In precedent, rabbis send woman to jail for refusing divorce from her husband

Until now, incarcerations have only been used on recalcitrant husbands, but a rabbinic court ruled that this sanction was the only way to get the wife to accept the ‘get’

Judah Ari Gross is The Times of Israel's religions and Diaspora affairs correspondent.

The Neve Tirza women's prison in Ramle on May 23, 2021. (Avshalom Sassoni/Flash90)
The Neve Tirza women's prison in Ramle on May 23, 2021. (Avshalom Sassoni/Flash90)

Police officers, acting on the orders of a rabbinic court, on Sunday detained and imprisoned an Israeli woman for refusing to accept a divorce from her husband, in the first use of this punishment against a woman.

“It is rare. It is the first time that there’s incarceration. But the rabbinic court reached the decision that there was no other option,” Rabbi Eliyahu Maimon, the head of the department in the rabbinical courts that deals with divorce refusal, told The Times of Israel on Sunday.

According to Israel’s rabbinic court system, the woman has been refusing to accept a ritual divorce, known in Hebrew as a get, from her husband for four years, after he gained full custody of their two daughters following a prolonged battle in a civil family court.

Maimon said she has refused to appear in court and rejected all offers to reach a settlement, leading to the imprisonment order against her. She is currently sentenced to a year in prison or until she accepts the divorce.

“We hope that she’ll say she will accept the get today,” Maimon said.

While men are sometimes imprisoned in Israel for refusing to grant their wives a divorce, this was the first use of imprisonment against a recalcitrant wife in Israel’s history.

Women have been imprisoned by rabbinic courts for other infractions relating to divorce proceedings, including the woman in this case who served a day in jail for refusing to appear before the court, but this was the first case of a woman being incarcerated specifically for refusing a court directive to accept a divorce.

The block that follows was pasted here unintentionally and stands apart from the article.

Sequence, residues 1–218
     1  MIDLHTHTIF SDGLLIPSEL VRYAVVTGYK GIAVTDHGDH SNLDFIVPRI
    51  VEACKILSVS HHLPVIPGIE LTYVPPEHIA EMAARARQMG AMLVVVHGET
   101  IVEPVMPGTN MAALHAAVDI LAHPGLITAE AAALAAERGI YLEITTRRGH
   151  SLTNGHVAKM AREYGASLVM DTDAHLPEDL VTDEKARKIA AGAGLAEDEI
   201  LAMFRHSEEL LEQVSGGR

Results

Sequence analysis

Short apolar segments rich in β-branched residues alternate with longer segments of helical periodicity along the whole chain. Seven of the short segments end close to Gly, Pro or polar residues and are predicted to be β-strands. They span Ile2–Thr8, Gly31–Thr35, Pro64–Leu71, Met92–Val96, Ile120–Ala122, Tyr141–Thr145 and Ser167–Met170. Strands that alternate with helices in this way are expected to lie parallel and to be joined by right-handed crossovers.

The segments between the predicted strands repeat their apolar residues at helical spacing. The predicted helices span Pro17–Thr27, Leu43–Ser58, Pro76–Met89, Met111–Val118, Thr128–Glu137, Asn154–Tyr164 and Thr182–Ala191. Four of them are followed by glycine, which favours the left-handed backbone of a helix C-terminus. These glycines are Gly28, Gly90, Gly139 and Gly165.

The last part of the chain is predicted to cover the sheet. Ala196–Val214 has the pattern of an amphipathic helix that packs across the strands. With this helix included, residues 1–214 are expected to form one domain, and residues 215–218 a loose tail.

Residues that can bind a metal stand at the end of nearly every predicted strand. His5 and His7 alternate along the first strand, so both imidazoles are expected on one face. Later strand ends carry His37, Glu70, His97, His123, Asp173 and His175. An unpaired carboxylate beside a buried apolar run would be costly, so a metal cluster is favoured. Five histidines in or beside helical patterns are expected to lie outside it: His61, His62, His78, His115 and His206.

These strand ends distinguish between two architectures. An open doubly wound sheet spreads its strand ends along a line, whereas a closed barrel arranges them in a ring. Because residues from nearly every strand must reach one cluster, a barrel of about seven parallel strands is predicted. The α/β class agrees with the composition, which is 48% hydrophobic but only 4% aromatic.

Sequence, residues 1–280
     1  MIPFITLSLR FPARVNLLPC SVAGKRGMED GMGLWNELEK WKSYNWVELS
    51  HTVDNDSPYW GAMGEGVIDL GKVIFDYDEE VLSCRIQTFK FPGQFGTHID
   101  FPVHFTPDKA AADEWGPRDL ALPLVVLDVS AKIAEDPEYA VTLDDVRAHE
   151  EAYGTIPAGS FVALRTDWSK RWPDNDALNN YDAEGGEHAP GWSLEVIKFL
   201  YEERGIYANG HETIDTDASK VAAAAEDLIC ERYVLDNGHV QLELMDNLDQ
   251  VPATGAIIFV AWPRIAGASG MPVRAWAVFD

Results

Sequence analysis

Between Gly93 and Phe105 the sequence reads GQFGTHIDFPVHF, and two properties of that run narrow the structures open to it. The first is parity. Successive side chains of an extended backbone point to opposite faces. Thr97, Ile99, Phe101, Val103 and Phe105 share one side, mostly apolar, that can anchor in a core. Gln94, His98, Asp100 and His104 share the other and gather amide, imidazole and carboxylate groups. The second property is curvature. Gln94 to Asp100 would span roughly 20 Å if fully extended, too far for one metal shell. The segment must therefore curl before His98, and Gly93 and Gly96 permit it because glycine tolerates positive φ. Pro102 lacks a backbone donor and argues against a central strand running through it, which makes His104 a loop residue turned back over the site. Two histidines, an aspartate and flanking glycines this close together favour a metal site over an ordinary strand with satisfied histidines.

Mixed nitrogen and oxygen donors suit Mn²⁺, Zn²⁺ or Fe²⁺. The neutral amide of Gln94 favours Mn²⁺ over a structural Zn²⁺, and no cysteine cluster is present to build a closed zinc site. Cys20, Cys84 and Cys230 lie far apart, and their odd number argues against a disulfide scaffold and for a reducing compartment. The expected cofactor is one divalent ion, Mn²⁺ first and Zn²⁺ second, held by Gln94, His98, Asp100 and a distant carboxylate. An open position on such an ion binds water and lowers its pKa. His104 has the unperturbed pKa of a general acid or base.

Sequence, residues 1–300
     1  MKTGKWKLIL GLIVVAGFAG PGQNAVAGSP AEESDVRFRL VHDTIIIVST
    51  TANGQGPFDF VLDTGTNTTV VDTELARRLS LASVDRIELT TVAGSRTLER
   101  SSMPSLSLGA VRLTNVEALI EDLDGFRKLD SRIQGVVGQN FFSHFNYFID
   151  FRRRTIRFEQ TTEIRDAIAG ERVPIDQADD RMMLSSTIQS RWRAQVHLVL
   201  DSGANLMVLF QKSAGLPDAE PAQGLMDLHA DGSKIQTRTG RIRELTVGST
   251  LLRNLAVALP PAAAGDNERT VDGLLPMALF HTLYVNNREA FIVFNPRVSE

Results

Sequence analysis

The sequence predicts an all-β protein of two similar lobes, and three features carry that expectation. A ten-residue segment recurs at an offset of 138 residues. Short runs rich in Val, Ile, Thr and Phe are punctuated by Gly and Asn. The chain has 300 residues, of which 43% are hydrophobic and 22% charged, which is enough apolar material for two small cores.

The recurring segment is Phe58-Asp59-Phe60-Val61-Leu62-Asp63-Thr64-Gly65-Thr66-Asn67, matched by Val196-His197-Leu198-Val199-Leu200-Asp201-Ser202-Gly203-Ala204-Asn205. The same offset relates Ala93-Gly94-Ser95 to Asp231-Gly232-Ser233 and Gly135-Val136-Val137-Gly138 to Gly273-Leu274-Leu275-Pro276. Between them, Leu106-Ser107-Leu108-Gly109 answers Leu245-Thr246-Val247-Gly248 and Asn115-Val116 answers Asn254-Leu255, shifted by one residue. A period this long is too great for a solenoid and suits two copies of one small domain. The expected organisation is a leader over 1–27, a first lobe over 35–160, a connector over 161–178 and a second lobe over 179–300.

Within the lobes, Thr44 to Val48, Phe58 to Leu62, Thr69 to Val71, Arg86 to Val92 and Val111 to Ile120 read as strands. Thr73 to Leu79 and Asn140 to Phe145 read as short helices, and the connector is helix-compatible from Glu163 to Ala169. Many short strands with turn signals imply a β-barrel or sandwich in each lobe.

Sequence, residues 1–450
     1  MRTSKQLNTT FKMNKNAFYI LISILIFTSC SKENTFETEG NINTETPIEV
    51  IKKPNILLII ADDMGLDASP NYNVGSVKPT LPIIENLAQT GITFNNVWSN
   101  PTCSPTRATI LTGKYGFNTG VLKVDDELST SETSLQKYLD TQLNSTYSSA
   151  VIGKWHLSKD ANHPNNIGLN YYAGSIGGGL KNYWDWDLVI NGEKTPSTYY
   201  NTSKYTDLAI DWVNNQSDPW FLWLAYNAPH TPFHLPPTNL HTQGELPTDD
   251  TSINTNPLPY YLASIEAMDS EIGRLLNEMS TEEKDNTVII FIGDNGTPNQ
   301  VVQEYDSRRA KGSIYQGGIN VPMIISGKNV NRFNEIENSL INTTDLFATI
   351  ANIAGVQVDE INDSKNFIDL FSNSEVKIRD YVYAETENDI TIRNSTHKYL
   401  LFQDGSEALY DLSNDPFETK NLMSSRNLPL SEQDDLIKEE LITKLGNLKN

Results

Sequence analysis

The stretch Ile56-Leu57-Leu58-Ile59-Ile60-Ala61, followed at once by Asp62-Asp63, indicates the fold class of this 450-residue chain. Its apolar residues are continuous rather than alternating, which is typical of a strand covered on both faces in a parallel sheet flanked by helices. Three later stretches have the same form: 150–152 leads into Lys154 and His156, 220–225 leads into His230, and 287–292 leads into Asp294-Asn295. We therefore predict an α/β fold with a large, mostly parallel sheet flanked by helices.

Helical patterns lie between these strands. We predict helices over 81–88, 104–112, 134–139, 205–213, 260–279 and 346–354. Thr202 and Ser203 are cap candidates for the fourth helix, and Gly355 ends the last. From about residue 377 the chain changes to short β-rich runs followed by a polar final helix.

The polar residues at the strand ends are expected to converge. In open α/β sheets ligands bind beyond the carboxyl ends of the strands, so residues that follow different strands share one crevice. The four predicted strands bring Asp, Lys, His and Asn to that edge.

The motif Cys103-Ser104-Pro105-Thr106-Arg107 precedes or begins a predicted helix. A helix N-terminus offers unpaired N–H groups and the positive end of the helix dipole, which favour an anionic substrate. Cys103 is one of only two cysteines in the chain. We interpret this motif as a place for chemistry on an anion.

This is due to the significantly different repercussions of a man refusing to grant his wife a divorce from those when a woman refuses to accept one, which make sanctions against women less common.

For instance, men whose wives refuse to accept a divorce can and have been given special permission to remarry in an uncommon but extant process known in Hebrew as heter me’ah rabanim, in which 100 rabbis all agree to the move.

Such was the case last year, when famed ultra-Orthodox singer Shuly Rand was given special permission to remarry without having divorced his first wife Michal Bat-Sheva Rand. Women cannot be granted such a dispensation under any circumstances and are instead “chained” to their recalcitrant husbands.

In addition, if a “chained” woman, or agunah, has a child with a different man, that child will be deemed a mamzer, or illegitimate, and will be effectively barred from marriage in Israel as will any of their offspring. The same is not true of a man who has a child out of wedlock.

Not a lot of women want to marry a man who’s still married

While Maimon acknowledged that those differences do exist, he said that they were not applicable in this case as the husband testified that he would not be able to remarry even if he had rabbinic dispensation to do so.

“Not a lot of women want to marry a man who’s still married,” Maimon said.

The man and the woman, whose names have not been released for privacy reasons, married in 2000 and had two daughters, who are today 13 and 16 years old. The couple started experiencing “relationship troubles” shortly after the first daughter was born. The couple began the process of separating first through civil family courts, which awarded the father full custody after the woman refused to appear at any of the hearings.

In 2018, the husband filed for divorce with Israel’s rabbinic courts. In Israel, which does not have civil divorce, all Jewish couples must go through the rabbinic court system for these proceedings, regardless of their religious affiliations or lack thereof.